It’s also about using the right ingredients and letting them speak for themselves. “Our Beef Rendang is a great example of upping the ante on the quality of ingredients. We’re using wagyu short ribs, and braising them in a mixture of ginger, garlic, lemongrass, lime leaf, and chili sambal. We don’t add any water or stock, it just cooks and braises for hours, and at the end of the day, it’s a beautiful stew with accents of citronella flavors,” said Sosa.

Another standout dish is the Fish Head Curry. This is a Singaporean-style fish head curry. I recommend everyone eat it with their hands and get that aromatic presence of the curry leaf – I want you to taste the layering of flavors, the fenugreek, and the passion behind this dish,” said Sosa.

In a fun theme, all of the cocktails are named after novels by Asian authors. “The Sympathizer encapsulates one of our mantras when we were creating the food and beverage menus for Kembara. The past evolves to the present and the future, and we always ask ourselves, how can we pay homage to a culture and a cuisine, but also transform it so it inspires innovation? This drink is our modern take on Japanese tea service. We smoke the spirits with cherrywood in a tea kettle, then place it on a platter coated with rocks to resemble a Japanese garden. We then pour this tableside, served over a block of ice and baby’s breath. The Wild Swan is a vodka-based cocktail with Baijiu. The idea with this one was that we were taking something old but making it new – a vodka-based drink, but adding Baijiu, which is not so commonly found, and we wanted to introduce it in an approachable way,” said Sosa.

Sosa feels a deep love for Asian cultures and its cuisines. “I’ve studied it, I’ve spent years of my life there, and it’s just something I truly have reverence for. Tía Carmen shows one side of me, with an emphasis on heirloom and heritage ingredients. With Kembara, it’s more spice-induced, and it has that tug of war within the flavor dynamics. When I create things, there always has to be a level of tension, constantly pulling you in one way or another, ultimately creating a sense of beauty and harmony,” said Sosa.


Some of the greatest flavors and innovations come from our travels and experiences – and that’s just as much the case when it comes to how chefs find their inspiration.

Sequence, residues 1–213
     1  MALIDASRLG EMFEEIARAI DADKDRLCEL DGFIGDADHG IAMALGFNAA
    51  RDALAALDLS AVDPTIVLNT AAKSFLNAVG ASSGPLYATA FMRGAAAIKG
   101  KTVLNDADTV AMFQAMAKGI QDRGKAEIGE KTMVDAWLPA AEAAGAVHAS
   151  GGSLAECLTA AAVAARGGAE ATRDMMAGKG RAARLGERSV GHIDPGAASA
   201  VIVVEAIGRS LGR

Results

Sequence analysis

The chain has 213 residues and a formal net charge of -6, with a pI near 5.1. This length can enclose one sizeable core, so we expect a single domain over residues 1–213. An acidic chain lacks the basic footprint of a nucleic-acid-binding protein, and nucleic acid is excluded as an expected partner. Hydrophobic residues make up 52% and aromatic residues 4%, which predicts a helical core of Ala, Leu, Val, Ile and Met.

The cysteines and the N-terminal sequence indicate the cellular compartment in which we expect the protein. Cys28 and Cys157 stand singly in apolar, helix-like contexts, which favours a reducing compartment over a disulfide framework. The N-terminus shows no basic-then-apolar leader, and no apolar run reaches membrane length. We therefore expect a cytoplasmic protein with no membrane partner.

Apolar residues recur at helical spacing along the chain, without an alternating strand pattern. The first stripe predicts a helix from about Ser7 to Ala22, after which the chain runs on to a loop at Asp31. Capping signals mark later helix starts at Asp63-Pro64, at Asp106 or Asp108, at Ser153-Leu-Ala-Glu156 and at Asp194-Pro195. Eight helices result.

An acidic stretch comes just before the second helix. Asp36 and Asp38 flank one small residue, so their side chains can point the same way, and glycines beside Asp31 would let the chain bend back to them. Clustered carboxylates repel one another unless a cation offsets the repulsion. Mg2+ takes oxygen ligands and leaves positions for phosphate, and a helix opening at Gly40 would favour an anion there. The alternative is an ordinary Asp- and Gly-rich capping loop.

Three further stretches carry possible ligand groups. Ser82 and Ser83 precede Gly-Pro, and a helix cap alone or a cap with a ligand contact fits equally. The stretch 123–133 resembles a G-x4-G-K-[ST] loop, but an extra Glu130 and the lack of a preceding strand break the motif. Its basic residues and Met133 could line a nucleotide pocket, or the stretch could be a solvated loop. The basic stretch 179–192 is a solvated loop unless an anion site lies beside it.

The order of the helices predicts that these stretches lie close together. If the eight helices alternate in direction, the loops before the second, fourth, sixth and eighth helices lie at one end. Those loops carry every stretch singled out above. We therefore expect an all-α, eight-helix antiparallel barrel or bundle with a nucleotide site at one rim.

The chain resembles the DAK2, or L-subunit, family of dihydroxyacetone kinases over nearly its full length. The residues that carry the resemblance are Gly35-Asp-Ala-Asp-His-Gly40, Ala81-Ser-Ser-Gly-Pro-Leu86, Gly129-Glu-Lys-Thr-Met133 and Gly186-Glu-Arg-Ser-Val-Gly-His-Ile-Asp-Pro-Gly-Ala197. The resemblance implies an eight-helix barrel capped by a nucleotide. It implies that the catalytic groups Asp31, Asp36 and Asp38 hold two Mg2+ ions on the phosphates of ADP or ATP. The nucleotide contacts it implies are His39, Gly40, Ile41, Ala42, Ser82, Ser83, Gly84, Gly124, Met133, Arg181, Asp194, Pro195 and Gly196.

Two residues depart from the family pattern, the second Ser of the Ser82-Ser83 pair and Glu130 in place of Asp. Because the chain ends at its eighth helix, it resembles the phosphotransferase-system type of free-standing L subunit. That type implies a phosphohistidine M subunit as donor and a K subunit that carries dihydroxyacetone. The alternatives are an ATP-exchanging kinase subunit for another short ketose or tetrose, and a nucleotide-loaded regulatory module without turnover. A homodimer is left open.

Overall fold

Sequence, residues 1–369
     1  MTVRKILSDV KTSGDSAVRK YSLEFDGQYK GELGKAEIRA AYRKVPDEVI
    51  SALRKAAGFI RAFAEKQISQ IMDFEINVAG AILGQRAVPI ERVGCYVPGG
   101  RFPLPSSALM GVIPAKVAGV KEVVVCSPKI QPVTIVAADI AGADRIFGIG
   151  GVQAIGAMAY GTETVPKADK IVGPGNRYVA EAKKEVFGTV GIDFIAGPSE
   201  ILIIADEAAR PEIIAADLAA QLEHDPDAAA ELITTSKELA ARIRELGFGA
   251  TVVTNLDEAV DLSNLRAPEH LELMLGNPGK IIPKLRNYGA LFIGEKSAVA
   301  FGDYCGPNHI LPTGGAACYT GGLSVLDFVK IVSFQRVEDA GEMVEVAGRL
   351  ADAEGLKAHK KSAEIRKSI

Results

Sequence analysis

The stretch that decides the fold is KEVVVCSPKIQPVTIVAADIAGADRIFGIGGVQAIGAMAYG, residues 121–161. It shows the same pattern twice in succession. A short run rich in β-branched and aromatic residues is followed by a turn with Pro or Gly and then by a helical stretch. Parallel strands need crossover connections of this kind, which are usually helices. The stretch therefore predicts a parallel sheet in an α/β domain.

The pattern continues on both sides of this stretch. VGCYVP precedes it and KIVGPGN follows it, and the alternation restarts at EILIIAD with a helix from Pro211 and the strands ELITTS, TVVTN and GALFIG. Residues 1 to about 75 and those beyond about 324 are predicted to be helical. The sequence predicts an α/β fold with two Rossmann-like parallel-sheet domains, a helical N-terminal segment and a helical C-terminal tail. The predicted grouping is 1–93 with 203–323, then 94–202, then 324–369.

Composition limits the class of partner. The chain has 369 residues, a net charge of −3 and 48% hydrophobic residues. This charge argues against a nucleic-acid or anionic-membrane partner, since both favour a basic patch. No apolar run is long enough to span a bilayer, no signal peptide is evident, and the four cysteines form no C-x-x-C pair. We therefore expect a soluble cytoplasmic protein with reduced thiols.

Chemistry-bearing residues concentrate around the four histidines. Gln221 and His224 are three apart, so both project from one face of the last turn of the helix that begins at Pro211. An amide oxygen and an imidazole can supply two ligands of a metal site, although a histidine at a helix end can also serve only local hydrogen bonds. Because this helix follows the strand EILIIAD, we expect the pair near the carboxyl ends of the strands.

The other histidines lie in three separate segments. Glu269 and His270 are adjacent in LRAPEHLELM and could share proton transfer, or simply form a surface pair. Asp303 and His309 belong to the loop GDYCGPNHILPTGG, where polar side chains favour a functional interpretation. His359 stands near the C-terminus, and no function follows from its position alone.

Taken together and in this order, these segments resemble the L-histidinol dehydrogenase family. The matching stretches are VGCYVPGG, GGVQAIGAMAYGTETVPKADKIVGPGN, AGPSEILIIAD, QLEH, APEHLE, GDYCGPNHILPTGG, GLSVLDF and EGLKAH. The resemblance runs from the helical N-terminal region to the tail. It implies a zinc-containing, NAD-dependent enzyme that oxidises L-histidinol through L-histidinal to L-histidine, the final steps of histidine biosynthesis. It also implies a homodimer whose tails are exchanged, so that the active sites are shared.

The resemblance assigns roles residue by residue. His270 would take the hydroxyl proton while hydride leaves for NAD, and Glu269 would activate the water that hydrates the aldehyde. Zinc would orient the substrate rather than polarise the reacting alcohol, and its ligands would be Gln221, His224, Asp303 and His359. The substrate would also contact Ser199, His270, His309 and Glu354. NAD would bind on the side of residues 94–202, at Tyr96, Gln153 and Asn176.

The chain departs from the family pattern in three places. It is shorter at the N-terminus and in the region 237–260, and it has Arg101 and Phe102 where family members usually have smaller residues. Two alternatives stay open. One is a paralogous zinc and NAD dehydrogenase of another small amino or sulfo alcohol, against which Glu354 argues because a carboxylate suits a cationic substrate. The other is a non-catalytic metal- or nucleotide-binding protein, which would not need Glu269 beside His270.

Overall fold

Kembara, the latest concept from celebrity chef Angelo Sosa, is a spectacular example of this. The restaurant is set to open this week in Phoenix, and it’s already getting a ton of attention. At this restaurant’s forefront is the chef’s intense passion for the ingredients and the history of the cultures represented.

“First and foremost, I have such a deep affinity for Asian culture and its various cuisines,” said celebrity chef Angelo Sosa. “The flavors themselves are very vibrant, and specifically, there’s always a dichotomy within them that really excites me – the pungency and the vibrancy of the sweet, the sour, and the bitter.”

Sosa spent a lot of time in Asia, and it was the beauty and his experiences with the street food in various cities that served as an inspiration for this new venture. “I want Kembara to be a portal to experience Asian street food. I want to transport people to feel like they’re dining in Chiang Mai and having khao soi for the first time, or they’re in Penang and having a Malaysian version of char kway teow,” said Sosa.

Phoenix is the perfect spot for this concept. “Phoenix is a thriving city – it’s one of the top emerging cities in the U.S., and it’s the perfect time and place to unveil the beauty of the city. We currently have our sister restaurant Tía Carmen here, and we thought it would be a beautiful juxtaposition to have a contrasting dining experience here,” said Sosa. “Phoenix’s landscape is so unique. Contrary to popular belief, the state of Arizona is more than just desert – there’s a plethora of micro-climates here,” said Sosa. All these micro-climates mean varying elevations, nutrients in the soils, and a wide range of ingredients. “From a chef’s perspective, it’s so exciting because you can really find anything here, from wild mushrooms to fresh juniper berries, and even amazing native beef and fantastic chicken farmers. The landscape truly lends itself to the opportunity to have impeccable ingredients,” said Sosa.